"My thinking up until that point," he said, "was that people who were working to avert the worst of climate change would be able to do so through the normal procedures and processes available to us, which includes supporting international treaties … engaging in public education, lobbying our state and federal legislators, and occasionally going to court. … That report showed that the scale of the change that we were facing would be very difficult to achieve through those processes."
For four years as a stay-at-home-dad after his son Eli was born, Ward studied scientific articles on climate change. The facts had an emotional impact. "While I was doing this research, I had a toddler running around the household and it focused my thinking about the importance of the decisions we make now and what meaning they will have for the future," he said.
In 2013, his climate activism led him in a new direction, to nonviolent direct action based on spiritual faith as well as political conviction. Ward and his friend Jay O'Hara bought a small boat, named it after Henry David Thoreau, and set it in the path of a freighter hauling 40,000 tons of coal to a Massachusetts power plant. "The Lobster Boat Blockade" had a dramatic and surprisingly positive effect on District Attorney Sam Sutter, who agreed the climate crisis was a dire threat to public safety and reduced the pair's charges. Public discussion of climate change jumped forward a notch or two, and attention focused on the Brayton Point Power Plant, a major carbon offender that is now scheduled for closure.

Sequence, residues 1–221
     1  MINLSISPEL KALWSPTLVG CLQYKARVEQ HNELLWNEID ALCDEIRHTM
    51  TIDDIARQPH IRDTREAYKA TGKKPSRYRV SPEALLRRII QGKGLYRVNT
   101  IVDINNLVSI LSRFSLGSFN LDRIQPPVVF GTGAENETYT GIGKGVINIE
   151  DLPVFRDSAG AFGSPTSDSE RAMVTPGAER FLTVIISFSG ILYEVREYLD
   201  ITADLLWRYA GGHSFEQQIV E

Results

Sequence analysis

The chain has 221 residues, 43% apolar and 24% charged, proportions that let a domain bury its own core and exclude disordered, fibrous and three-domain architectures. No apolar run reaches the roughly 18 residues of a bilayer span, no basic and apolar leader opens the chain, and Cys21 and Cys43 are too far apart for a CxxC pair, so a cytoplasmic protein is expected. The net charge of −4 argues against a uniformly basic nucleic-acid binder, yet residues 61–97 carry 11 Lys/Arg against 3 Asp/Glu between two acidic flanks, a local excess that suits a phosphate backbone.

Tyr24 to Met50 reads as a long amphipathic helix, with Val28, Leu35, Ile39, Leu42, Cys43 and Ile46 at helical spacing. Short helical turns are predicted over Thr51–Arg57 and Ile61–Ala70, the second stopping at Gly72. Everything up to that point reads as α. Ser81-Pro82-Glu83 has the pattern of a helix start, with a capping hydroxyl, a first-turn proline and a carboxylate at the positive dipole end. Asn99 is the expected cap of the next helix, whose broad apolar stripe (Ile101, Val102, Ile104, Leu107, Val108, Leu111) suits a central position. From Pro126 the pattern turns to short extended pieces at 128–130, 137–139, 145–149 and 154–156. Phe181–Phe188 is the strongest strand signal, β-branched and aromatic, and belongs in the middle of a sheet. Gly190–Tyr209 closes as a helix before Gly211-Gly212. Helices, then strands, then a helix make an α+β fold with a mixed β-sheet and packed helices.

Successes like this have shown that direct action can effectively turn public opinion and political will. "I think it's somewhat mysterious," Ward said, "but history shows that at times when only a very small minority of people have a sense of what's wrong and what needs to be done, when they use direct action, when they put their bodies on the line, it sometimes works."
There were no organized protests outside the courthouse during Ward's three-day trial, but at his request, supporters from various faith traditions were present in the courtroom, and every day started with silent prayer and meditation. That's in keeping with the aims of the Climate Disobedience Center, which Ward co-founded with O'Hara, Marla Marcum, and Tim DeChristopher. "Our conscious aim is to support direct actions with a distinct spiritual aspect," he said of the center. "To win, we need to do this in ways that make a sharp distinction between evil systems and institutions and people -- people we are trying to be loving toward."
It is beginning to look like Ken Ward knows a thing or two about winning over allies. On Wednesday, after five hours of deliberation over two days, the Skagit County jury in Ward's trial was hung, with at least one juror refusing to convict. The judge declared a mistrial, an unexpected development that was greeted as a victory by Ward and his supporters. A Feb. 9 hearing has been scheduled to determine whether there will be a retrial.
It's no secret that a majority of American voters were dismayed by Trump's inauguration. But there has also been a surge of involvement in progressive movements to defend essential rights and programs that have come under attack. Still, a few days before his trial, Ward warned: "Given what we know about a whole slew of immediate political problems, it's going to be very easy for everyone to forget about climate, or to add it to a really long list, because the other concerns are so immediate."
To address the significance of the environmental threat we all face, Ward said, the next election will need to focus on climate change. "I know this is a minority view, but if we fail to address climate change, nothing else we do will matter in the long run."